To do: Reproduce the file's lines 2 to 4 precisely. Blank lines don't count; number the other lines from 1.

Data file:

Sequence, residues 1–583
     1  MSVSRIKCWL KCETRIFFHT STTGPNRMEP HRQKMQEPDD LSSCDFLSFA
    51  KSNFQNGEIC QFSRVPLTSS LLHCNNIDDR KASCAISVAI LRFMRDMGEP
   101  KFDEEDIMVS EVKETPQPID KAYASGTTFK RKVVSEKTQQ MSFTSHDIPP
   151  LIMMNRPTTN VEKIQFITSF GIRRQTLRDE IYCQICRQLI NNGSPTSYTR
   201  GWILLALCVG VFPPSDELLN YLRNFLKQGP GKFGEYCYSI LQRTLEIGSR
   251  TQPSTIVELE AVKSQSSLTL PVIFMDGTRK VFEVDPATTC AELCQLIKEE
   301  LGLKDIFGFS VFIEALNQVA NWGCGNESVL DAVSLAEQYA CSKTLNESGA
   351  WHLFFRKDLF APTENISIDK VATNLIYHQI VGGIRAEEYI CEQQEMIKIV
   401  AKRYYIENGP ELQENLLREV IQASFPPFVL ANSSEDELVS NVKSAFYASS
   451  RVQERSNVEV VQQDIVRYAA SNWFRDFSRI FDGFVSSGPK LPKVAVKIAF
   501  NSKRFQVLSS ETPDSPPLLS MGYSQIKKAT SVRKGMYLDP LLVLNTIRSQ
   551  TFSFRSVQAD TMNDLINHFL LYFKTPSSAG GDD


     1  MSVSRIKCWL KCETRIFFHT STTGPNRMEP HRQKMQEPDD LSSCDFLSFA
    51  KSNFQNGEIC QFSRVPLTSS LLHCNNIDDR KASCAISVAI LRFMRDMGEP
   101  KFDEEDIMVS EVKETPQPID KAYASGTTFK RKVVSEKTQQ MSFTSHDIPP